This is one among a collection of videos and essays from women who contribute to NASA‘s mission. They are part of the agency’s efforts to create a collaborative and supportive community of women at the agency, inspire girls to pursue careers in science, technology, engineering and mathematics and to encourage openness and accountability at NASA.
As a child, I really did not think about or plan my life toward any particular career. We lived in Nashville, Tenn., and I was the oldest of five children. After my parents divorced, we moved to Huntsville. My mother would often work 16-hour days to take care of us. Being the oldest meant I was responsible for tending to my brothers and sisters while she was working. Unfortunately, this was not an easy task because they saw me as their equal and not someone with any authority. In spite of that, I believe being placed in this role at an early age taught me some lessons in responsibility.
I began my employment at NASA’s Marshall Space Flight Center as a secretarial co-op student in 1981, the same year the first Space Shuttle was launched. I worked with a great group of engineers in what was then called the Propulsion Laboratory. At the time, I was oblivious to the importance of my clerical skills and my role in ensuring letters, engineering change requests and all those other propulsion-related documents were correctly typed and properly proofread for errors. After completing my co-op terms, I graduated with an Associate’s Degree in Secretarial Science with honors Aug. 28, 1982 – and three days later my third son was born. (That was cutting it pretty close.)
I was hired at Marshall as a full-time secretary, and after about two years I wanted to do something different. I also realized that doing something different meant I had to go back to school. So in the fall of 1984, I enrolled in the Business Administration program at a local university and began taking classes at night. I knew returning to school, taking care of three sons (my fourth was born in 1986), and working full-time would not be easy, but I believed it was worth it to advance my career.
I knew the importance of gaining experience while in school so I contacted Marshall’s Cooperative Education Office about possible business co-op opportunities. Fortunately, I was able to secure a position in the Office of Procurement during my last year in school. Though I knew nothing about the operation of this office, I was so excited about the opportunity, and willing and ready to learn. After each co-op term, I would return to school. Since we could not afford to be without a second income, a former employer, Huntsville Hospital, allowed me to return there to work while I was in school.
After completing my Bachelor’s of Science degree in Business Administration with honors in 1987, I went to work for the Office of Procurement. I believe my determination to go back to school, in spite of real and perceived obstacles, helped instill in my four sons the importance getting their education. They knew without a doubt if Mom could do it, they had no excuse. All four of them have now completed their college education and are working in various fields throughout the country. Additionally, I have a stepson who is self-employed in Charlotte, NC.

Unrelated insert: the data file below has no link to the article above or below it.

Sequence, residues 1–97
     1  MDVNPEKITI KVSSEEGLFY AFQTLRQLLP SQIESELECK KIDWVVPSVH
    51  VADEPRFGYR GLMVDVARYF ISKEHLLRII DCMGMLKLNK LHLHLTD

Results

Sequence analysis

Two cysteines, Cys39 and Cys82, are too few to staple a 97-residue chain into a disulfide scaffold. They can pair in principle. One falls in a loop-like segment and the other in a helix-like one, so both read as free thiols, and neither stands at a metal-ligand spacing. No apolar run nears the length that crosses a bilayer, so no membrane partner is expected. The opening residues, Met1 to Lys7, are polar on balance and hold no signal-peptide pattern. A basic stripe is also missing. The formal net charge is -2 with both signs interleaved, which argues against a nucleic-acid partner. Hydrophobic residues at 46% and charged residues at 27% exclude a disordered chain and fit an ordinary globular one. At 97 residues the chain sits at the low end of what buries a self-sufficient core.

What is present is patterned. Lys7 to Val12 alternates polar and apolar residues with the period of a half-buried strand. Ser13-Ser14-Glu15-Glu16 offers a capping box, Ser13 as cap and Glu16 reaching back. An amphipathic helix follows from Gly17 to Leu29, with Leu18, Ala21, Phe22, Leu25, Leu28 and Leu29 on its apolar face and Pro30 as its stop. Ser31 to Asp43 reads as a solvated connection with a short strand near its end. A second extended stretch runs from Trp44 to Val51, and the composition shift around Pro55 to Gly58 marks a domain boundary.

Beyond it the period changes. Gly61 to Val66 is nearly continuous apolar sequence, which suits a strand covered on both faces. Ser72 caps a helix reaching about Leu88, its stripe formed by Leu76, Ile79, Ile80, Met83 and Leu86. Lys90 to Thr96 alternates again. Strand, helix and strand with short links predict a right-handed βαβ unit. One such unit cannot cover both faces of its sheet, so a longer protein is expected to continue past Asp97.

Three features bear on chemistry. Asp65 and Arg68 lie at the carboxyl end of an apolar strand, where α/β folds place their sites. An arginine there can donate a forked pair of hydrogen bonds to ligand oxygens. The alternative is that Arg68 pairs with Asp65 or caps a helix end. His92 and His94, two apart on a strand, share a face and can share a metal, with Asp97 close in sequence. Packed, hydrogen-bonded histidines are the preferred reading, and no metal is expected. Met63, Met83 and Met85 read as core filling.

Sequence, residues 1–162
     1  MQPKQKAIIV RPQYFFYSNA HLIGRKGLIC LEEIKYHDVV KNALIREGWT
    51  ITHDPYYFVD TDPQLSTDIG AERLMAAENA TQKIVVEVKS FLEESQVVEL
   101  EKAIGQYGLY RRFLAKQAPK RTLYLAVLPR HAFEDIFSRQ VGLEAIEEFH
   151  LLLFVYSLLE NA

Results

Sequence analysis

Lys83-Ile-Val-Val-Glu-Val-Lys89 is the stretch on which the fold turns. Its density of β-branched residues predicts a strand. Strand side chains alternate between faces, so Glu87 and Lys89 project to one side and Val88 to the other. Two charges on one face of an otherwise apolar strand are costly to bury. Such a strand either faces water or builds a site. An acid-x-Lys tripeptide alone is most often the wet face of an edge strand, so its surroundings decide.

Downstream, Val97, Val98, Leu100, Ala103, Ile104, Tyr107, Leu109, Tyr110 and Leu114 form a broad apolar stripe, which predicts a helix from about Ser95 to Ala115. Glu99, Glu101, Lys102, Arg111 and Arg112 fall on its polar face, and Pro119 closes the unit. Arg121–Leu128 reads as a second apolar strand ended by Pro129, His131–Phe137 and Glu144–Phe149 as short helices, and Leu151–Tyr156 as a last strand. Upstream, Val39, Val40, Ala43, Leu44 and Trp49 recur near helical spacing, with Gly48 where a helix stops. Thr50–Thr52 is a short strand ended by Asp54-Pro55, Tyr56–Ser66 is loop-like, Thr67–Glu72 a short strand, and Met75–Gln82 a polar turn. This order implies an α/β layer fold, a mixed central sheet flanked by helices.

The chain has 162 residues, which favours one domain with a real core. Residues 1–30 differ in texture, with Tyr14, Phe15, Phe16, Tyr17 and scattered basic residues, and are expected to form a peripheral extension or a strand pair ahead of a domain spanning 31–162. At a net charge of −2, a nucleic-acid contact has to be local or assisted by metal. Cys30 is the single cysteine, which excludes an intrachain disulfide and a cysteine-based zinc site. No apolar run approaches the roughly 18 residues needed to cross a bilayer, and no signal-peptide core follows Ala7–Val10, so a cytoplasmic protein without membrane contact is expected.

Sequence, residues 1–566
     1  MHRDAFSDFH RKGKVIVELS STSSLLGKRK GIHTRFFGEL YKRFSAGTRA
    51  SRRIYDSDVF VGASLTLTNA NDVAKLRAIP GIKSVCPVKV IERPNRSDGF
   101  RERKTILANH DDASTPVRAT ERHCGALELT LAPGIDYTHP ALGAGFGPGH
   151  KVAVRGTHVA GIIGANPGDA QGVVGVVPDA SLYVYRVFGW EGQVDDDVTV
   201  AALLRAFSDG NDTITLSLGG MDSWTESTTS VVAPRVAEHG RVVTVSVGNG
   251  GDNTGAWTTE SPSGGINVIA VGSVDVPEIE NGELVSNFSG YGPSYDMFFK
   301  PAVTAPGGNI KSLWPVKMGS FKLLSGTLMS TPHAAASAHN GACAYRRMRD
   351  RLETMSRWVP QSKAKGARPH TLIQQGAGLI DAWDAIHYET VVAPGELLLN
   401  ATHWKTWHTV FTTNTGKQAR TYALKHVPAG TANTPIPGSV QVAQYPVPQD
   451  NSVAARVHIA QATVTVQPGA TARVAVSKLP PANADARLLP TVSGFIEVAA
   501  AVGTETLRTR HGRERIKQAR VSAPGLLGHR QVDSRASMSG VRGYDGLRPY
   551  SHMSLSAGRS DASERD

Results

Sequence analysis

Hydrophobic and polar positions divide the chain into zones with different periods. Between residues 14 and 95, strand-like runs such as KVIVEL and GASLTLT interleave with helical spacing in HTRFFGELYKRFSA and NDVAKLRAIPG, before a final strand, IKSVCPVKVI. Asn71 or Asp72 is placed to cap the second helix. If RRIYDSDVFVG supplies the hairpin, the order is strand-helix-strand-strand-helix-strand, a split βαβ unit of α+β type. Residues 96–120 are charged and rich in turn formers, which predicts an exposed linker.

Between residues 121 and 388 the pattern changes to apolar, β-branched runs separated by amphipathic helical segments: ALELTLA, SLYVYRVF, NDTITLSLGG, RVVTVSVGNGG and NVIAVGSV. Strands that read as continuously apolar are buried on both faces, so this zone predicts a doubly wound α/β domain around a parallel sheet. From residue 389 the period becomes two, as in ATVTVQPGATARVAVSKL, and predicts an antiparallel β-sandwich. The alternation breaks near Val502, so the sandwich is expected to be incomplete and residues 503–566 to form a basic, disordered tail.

I am currently a manager in the Office of Procurement and I have a great team that provides outstanding support. I have learned in these 30-plus years at NASA that people and relationships are the most important aspect of any job. Without them, the work does not get done. What I really like about my job is having the opportunity to encourage and motivate others to succeed. I find joy in helping others to see the importance of a positive attitude and outlook on life – no matter what! I realize it may not be easy to do at times, but I believe it is a choice you make daily. I believe it is my job to steer employees along a path that keeps them focused on what is most important and what will eventually bring positive results in their careers and their lives.
I love mentoring employees within the Office of Procurement and employees in external organizations. I also have mentored women in the community through the Women’s Economic Development Council Foundation of Huntsville, which provides educational, financial and social support to help women achieve sufficiency and economic independence. Currently, as a member of the National Coalition of 100 Black Women, Inc., Greater Huntsville Area Chapter, I serve as a mentor to young girls at one of the middle schools in the city. I truly want to bring out the best in them and make a positive difference in their lives.
My journey at NASA has taught me that the glass ceiling is glass for a reason – it can be broken. My journey and the obstacles I faced along the way have taught me to be thankful for my experiences and the lessons I’ve learned. I am deeply thankful for the support and encouragement of my husband, children, family, friends, coworkers, pastor and church family, and many others. I am especially thankful for my mother, who really taught me about perseverance and hard work. Also, there is one instructor (Mrs. Neva Bright) who, in her own way, encouraged and inspired me the first day of class. She told the class (all females) that she was going to separate the girls from the women. We started with approximately 20 students; by the end of the school year, there were only four of us left. So from that day on, I knew I was a “woman.”
Most of all, I am thankful to God for allowing me to experience this wonderful journey and for all the people and relationships encountered along the way.